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Why I like downtime (and other time consuming things) in an MMO

My first MMO was EQ1 which I started playing shortly after the Luclin expansion.  I tried a variety of classes because I wanted to test stuff out and figure out which class I enjoyed the most.  Early on I played a druid and a ranger, later moved to bard pretty much full time.

I got to experience a number of the more popular camps in crushbone, LOIO, Highkeep etc, as I leveled up through the game, mostly in PUGs.  I found a guild around level 10 but it was mostly max level, being an older server, so a large amount of leveling was done with groups of people I just met and joined up with or occasionally alts.

Downtime was a natural part of the game due to slow health/mana regen rates, and having experienced the alternative in games such as WoW, Rift, etc, I feel the slower approach was better.  The main reason for this is that it strongly encouraged and aided personal interaction.  In the current crop of no-downtime MMOs, the other members of the group are a necessary evil to completing a dungeon and should be interacted with as little as possible.  My experience has been that even when some members are more social and inclined to chat, there's an unspoken expectation to keep moving and clear the dungeon as quickly as possible.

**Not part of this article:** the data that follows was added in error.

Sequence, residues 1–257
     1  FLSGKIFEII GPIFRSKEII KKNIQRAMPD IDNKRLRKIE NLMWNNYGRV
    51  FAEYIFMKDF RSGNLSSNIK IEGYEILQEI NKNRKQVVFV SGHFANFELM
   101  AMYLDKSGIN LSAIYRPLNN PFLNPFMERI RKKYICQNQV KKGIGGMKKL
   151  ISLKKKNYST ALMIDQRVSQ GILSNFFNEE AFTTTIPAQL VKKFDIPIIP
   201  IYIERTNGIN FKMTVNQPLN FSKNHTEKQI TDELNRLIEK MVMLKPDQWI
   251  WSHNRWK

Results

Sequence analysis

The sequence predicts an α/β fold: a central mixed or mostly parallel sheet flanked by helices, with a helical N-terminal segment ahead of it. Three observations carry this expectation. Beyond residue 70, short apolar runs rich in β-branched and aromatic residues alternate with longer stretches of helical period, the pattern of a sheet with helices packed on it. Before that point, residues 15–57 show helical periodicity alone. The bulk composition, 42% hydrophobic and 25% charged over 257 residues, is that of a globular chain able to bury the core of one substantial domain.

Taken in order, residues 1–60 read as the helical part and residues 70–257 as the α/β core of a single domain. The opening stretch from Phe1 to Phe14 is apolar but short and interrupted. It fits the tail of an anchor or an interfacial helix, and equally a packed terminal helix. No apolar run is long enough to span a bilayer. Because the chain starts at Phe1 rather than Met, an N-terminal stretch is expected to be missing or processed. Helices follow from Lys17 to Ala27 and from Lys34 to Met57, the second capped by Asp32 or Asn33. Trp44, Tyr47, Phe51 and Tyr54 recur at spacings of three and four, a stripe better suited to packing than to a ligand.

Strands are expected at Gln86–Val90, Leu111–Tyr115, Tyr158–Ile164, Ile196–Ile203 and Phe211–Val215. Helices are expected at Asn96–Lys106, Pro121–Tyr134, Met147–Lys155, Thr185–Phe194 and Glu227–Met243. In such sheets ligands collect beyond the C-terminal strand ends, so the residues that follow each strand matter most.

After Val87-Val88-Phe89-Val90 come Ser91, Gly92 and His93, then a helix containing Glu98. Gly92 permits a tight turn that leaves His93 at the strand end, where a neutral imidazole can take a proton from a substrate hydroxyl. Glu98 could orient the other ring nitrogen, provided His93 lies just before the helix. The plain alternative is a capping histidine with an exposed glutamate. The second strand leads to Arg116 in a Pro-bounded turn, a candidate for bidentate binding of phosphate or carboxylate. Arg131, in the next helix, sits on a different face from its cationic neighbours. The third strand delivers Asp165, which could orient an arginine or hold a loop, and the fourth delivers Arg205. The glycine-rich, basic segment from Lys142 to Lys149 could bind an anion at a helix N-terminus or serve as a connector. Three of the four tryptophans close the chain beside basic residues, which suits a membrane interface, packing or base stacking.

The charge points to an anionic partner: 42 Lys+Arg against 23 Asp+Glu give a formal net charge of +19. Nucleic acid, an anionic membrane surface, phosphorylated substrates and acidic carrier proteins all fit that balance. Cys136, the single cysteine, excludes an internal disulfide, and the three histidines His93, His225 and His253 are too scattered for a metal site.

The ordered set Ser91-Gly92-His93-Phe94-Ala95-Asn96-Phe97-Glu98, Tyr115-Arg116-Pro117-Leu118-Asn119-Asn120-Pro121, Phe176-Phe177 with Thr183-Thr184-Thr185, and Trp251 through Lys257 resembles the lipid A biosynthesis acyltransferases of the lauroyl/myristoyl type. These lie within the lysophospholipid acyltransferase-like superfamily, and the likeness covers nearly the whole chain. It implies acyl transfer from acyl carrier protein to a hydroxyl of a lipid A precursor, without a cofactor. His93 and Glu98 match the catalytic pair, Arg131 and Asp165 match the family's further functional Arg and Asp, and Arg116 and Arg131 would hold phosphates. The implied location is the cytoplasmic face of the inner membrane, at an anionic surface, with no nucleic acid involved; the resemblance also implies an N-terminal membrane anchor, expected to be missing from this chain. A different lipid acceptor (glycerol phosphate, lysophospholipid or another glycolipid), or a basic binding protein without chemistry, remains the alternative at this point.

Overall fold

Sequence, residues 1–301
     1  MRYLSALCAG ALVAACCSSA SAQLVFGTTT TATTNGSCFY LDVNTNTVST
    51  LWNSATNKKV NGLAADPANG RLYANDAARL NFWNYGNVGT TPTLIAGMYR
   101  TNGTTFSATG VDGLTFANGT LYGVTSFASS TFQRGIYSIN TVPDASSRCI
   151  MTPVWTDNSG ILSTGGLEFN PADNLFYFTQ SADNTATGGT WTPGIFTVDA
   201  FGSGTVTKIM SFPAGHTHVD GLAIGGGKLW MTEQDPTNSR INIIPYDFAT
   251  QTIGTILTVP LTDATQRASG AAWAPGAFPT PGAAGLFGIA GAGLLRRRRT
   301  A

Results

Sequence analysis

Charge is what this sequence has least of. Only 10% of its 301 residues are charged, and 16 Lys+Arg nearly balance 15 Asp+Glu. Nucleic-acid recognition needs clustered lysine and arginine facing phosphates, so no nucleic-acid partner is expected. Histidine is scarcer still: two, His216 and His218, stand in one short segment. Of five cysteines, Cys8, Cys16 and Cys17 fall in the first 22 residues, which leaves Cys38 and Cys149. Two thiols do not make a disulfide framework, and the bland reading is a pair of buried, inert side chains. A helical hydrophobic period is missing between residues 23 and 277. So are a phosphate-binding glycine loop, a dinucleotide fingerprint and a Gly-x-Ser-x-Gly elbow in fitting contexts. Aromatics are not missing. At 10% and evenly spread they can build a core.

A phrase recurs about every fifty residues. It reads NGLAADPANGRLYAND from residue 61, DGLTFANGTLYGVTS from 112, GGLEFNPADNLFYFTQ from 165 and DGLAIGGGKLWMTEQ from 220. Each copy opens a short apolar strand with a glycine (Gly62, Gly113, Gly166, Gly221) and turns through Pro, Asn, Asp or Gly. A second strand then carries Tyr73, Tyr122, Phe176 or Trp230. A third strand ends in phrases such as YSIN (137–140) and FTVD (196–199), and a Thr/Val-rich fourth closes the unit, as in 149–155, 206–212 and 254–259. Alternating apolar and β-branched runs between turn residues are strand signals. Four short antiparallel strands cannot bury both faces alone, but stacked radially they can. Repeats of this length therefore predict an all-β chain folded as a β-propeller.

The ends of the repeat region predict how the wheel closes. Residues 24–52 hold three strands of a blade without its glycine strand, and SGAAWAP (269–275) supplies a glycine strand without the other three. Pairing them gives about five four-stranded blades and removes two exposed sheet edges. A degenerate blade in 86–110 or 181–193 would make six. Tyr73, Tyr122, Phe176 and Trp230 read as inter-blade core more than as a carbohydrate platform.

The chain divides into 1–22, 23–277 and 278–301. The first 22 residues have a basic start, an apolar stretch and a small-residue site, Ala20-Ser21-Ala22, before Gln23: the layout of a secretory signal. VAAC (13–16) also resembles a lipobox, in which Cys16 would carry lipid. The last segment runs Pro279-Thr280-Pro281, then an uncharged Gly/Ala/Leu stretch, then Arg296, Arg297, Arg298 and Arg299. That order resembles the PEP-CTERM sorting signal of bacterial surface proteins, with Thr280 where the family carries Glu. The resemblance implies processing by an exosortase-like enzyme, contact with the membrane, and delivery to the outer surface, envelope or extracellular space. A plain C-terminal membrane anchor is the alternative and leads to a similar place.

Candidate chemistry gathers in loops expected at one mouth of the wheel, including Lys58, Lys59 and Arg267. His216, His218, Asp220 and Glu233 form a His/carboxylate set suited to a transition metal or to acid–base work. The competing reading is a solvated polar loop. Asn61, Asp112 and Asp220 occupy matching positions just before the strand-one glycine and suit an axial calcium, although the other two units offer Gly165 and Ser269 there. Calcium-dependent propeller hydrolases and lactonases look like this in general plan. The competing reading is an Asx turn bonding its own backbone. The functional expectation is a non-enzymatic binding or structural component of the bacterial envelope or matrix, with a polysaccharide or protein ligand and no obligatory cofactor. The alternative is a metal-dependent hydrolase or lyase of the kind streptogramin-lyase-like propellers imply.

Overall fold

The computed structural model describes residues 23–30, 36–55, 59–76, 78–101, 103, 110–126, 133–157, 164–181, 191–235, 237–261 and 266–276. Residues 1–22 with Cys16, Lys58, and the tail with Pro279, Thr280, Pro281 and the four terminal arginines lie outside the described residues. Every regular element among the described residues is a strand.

The forced downtime of med'ing provides that space to engage in some social interaction without feeling as though you're holding up the group, and I found people generally more inclined to interact.  This increased social interaction is nothing but beneficial for the games' community and culture, and I suspect partly why various servers had far more of a community feel to them than more recent games.  The lack of cross-server groups and no LFG tool also helped, as you were at the very least, forced to interact in order to join a group, vs. the "click dungeon queue button and be dropped into a group" approach today.